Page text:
Prof. Edwin van Teijlingen

Centre for Midwifery, Maternal & Perinatal Health (CMMPH)

 

Reference:

  1. Vickery, M., Way, S., Hundley, V., Smith, G., van Teijlingen, E., Westwood G. (2020) Midwives’ views women’s use of mHealth and eHealth to self-monitor their pregnancy: A systematic review of the literature, European Journal of Midwifery 4: 36 DOI: https://doi.org/10.18332/ejm/126625

500 citations!

I have recently checked my Google Scholar profile and I was delighted to see that one of my papers has received a landmark number of citations – 500.

The paper was published in 2014 in co-authorship with Professors Scott Cohen (formerly at BU and now at the University of Surrey, UK) and Girish Prayag (University of Canterbury, NZ).

Focusing on a review of the literature of one of the most, if not the most researched topic in tourism – consumer behaviour -, and published in a high ranked Journal, I always felt the paper could do well, but never imagined that it could get so much traction.

The paper is scheduled to be part of the forthcoming REF submission.

FHSS PhD student’s poster at prestigious GLOW conference

Today and tomorrow Sulochana Dhakal-Rai will have her poster ‘Factors contributing to rising Caesarean Section rates in South Asia: a systematic review’ online at this year’s GLOW Conference [Global Women’s Research Society Conference].  This year for the first time, this international conference is held completely online.  Sulochana’s PhD project is supervised by Dr. Pramod Regmi, P., Dr. Juliet Wood and Prof Edwin van  Teijlingen at BU with Prof. Ganesh Dangal [Professor of Obstetrics and Gynaecology at Kathmandu Model Hospital] who acts as local supervisor in Nepal.  Sulochana has already published two papers from her on-going thesis research [1-2].

References

  1. Dhakal-Rai, S., Regmi, PR, van Teijlingen, E, Wood, J., Dangal G, Dhakal, KB. (2018) Rising Rate of Caesarean Section in Urban Nepal, Journal of Nepal Health Research Council 16(41): 479-80.
  2. Dhakal Rai, S., Poobalan, A., Jan, R., Bogren, M., Wood, J., Dangal, G., Regmi, P., van Teijlingen, E., Dhakal, K.B., Badar, S.J., Shahid, F. (2019) Caesarean Section rates in South Asian cities: Can midwifery help stem the rise? Journal of Asian Midwives, 6(2):4–22.

Welcome Dr. Lyle Skains, SL in Health and Science Communication

I am delighted to announce that as of this week Dr. Lyle Skains joins us in FMC, Department of Communication & Journalism, as a Senior Lecturer in Health & Science Communication. Lyle researches and teaches Creative Digital Writing and Science Communication, conducting practice-based research into writing, reading/playing, publishing digital and transmedia narratives, and how these can be used for health and science communication. Her recent digital fiction includes No World 4 Tomorrow for the You & CO2 project, and Only, Always, Never for the Infectious Storytelling project; both works were designed to effect social change. She is the founder of Wonderbox Publishing, which publishes speculative digital fiction, aiming to explore innovations in digital and online publishing and creativity. Her digital fiction can be found at lyleskains.com; articles in ConvergenceDigital Creativity, and Computers and Composition; and books with Cambridge UP (Digital Authorship), forthcoming Emerald (interdisciplinary scicomm) and Bloomsbury (convergent evolution of mainstream digital fiction).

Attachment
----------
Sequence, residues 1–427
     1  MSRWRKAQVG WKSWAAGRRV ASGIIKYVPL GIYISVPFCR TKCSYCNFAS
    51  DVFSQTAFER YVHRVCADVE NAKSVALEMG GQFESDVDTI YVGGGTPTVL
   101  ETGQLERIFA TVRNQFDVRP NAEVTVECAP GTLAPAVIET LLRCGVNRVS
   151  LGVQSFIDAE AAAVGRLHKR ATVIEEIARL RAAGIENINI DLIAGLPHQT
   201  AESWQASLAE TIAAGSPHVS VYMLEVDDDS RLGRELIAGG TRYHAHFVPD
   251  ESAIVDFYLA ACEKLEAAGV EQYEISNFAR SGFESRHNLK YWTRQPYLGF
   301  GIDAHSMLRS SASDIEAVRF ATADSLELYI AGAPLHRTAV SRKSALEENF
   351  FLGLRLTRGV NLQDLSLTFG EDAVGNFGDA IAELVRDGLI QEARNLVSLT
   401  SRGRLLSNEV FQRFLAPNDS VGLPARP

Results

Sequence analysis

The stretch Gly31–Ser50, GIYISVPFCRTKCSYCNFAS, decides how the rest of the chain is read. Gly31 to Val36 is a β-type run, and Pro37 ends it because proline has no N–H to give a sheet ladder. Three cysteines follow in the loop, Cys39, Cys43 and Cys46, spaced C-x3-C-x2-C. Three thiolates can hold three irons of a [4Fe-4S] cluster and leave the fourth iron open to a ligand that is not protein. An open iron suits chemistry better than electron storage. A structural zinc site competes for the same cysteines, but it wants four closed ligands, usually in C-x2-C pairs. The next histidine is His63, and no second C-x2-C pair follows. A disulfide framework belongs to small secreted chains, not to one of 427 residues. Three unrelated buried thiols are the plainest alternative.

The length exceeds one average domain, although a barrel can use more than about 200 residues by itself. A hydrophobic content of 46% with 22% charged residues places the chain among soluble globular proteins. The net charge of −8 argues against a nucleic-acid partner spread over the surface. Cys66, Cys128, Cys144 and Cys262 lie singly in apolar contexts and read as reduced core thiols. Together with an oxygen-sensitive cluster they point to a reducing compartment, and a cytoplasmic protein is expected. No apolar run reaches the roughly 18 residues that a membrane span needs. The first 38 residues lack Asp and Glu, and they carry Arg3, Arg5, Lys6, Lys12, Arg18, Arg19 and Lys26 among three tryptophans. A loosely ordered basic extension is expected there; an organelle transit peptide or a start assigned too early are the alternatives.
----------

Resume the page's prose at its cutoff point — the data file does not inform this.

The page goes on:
Dr. Skains was appointed under the BU Academic Targeted Research Scheme and will be collaborating with colleagues in the department, faculty, university and beyond to support the further development of our innovative and world-leading scholarship in the areas of Health and Science Communication. You can drop her a line to set up a virtual coffee lskains@bournemouth.ac.uk.

Productive week CMMPH

Some weeks are more productive than others and this week the  academics in the Centre for Midwifery, Maternal & Perinatal Health (CMMPH) have been very busy.   Professor Hundley published  a paper  ‘The initiation of labour at term gestation: physiology and practice implications’ with two midwifery colleagues [1].   The further two CMMPH paper accepted this week were systematic reviews: (a)  Perceived Stress and Diet Quality in Women of Reproductive Age: A Systematic Review and Meta-Analysis; and (b)  ‘Midwives’ views towards women using mHealth and eHealth to self-monitor their pregnancy: A systematic review of the literature’ [2-3].  Fourthly, CMMPH PhD student Sulochana Dhakal-Rai had a poster accepted at this year’s GLOW conference, which will be held, for the first time, online.  This poster based on her PhD ‘Factors contributing to rising caesarean section rates in South Asia: ​a systematic review’ is supervised by Dr. Juliet Wood, Dr. Pramod Regmi, Prof. Edwin van Teijlingen and Prof.  Ganesh Dangal (based in Nepal).

 

Congratulations!

Prof. Edwin van Teijlingen

 

References:

  1. Hundley V, Downe S, Buckley S (2020) The initiation of labour at term gestation: physiology and practice implications. Best Practice & Research Clinical Obstetrics & Gynecology 67: 4-18  https://www.sciencedirect.com/journal/best-practice-and-research-clinical-obstetrics-and-gynaecology/vol/67/suppl/C
  2. Khaled K, Tsofliou F, Hundley V, Helmreich R, Almilaji O Perceived Stress and Diet Quality in Women of Reproductive Age: A Systematic Review and Meta-Analysis Nutrition (in press) 

  3. Vickery M, van Teijlingen E, Hundley V, Smith GB, Way S, Westward G. Midwives’ views towards women using mHealth and eHealth to self-monitor their pregnancy: A systematic review of the literature.  European Journal of Midwifery (in press)